Sentencing discretion increased

2 Supreme Court decisions address penalty guidelines

December 11, 2007|By Matthew Dolan | Matthew Dolan,SUN REPORTER

The Supreme Court gave federal judges latitude yesterday to impose shorter prison terms for crack cocaine-related crimes, part of a pair of decisions that allow judges, who were once tightly controlled by mandatory guidelines, to exercise broad discretion in sentencing.

The high court's decision arrived ahead of a vote today by the U.S. Sentencing Commission, which will decide whether such sentences should be reconsidered. If so, it could mean reduced federal prison time for up to 19,500 inmates nationwide, including 279 in Maryland, according to the commission.

In yesterday's ruling, the court found that a 15-year sentence given to Derrick Kimbrough, a black military veteran from Norfolk, Va., was permissible even though federal sentencing guidelines for trafficking crack called for a substantially longer stint behind bars.

Opponents have long argued that the tougher sentences for crack-related crimes unjustly target poor blacks, who are more likely to use and sell the drug. Whites, on the other hand, are more likely to possess the costlier powder form of cocaine.

"I think it's a watershed decision in drug sentencing. For two decades we've seen an escalation in the prison population because of harsh drug sentences. The court has signaled a change in course," said Graham Boyd, director of the American Civil Liberties Union's Drug Law Reform Project.

An accompanying ruling yesterday could have even broader implications, legal experts said, because it concluded that judges generally should be able to impose a sentence below the once-required range, whether it involves crack or other types of offenses.

"I think that the practical effect is that judges now will feel emboldened to look at all of the factors equally in imposing a sentence that they deem to be `reasonable,'" said Gregg Bernstein, a Baltimore criminal defense attorney who practices in federal court.

Both rulings came down by a vote of 7-2, with Justices Clarence Thomas and Samuel A. Alito Jr. dissenting.

Justice John Paul Stevens wrote the opinion in the second case, which involved a University of Iowa student Ecstasy drug dealer sentenced below recommended guidelines. Stevens told federal appeals courts to give greater deference when reviewing the sentences of lower court judges.

Potential windfall

"It's a strong statement to the circuit courts to stop micromanaging district judges," said Douglas Berman, a law professor at Ohio State University and an expert on sentencing law. Defense attorneys described the new paradigm as a potential windfall for those who try to persuade judges to consider a number of factors before imposing sentence.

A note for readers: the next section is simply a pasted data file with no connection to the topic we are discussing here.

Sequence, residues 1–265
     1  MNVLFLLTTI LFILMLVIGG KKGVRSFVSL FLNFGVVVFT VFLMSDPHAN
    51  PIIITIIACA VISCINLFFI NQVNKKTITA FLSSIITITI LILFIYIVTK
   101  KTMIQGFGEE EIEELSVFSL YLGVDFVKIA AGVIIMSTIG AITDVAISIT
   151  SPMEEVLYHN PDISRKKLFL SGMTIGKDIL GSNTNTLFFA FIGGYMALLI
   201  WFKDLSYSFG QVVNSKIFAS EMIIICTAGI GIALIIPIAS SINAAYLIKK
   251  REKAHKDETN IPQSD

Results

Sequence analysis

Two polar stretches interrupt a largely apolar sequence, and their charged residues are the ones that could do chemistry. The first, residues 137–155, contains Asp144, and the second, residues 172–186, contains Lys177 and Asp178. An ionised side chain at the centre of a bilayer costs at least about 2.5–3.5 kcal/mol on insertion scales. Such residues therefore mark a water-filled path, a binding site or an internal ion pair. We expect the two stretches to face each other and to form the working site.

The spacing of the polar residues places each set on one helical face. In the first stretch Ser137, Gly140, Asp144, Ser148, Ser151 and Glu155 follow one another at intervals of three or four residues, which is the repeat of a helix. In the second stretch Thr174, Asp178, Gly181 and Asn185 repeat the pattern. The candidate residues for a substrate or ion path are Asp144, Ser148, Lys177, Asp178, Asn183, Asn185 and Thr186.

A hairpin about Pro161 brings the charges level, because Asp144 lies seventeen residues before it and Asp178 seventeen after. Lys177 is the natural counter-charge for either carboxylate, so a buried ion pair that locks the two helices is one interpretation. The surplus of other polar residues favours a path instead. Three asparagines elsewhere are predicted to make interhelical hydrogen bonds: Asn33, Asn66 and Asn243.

James Wyda, Maryland's federal public defender, said the rulings return to judges the power to "exercise their discretion and consider the unique circumstances of the individuals before them."

Sentencing for crack versus powder cocaine in particular has enflamed critics for more than two decades, since the federal government in the 1980s first required tougher punishments for crack-related offenses.

Under the rules, a federal sentence for possession of a gram of crack is roughly equal to that for possession about 100 grams of powder cocaine. But the disparity extends to laws in 13 states, including Maryland, which mandates a five-year minimum penalty for trafficking 448 grams of powder cocaine, and the same for only 50 grams or more of crack cocaine.

Supporters argued that the disparity rightly takes into account the addictive power of crack, a highly concentrated, usually cheaper form of cocaine.

"It is our experience in Maryland that crack cocaine is a more significant law enforcement issue. It results in more violence and more drug addiction," Maryland U.S. Attorney Rod J. Rosenstein said yesterday.

`Racially biased'

But Mary Price, vice president and general counsel for Families Against Mandatory Minimums, whose organization filed a brief in support of the Iowa student, argued that "over 15 years of study by the Sentencing Commission and other agencies have proven that crack cocaine sentences are racially biased and excessive for the low-level, nonviolent offenders to which they are applied."

Baltimore criminal defense attorney Larry Nathans, an authority on federal sentencing issues, said the court's decision in Kimbrough could "help reduce the huge overcrowding in our prisons of overwhelmingly street-level minority drug dealers."

Critics of harsh drug sentences acknowledged that the rulings leave intact mandatory minimum prison sentences, which are often the foundation of a lengthy prison term. Also, the court did not find that the inequality in crack cocaine sentencing was unconstitutional, only that judges could factor the disparity into account if the case warranted it.

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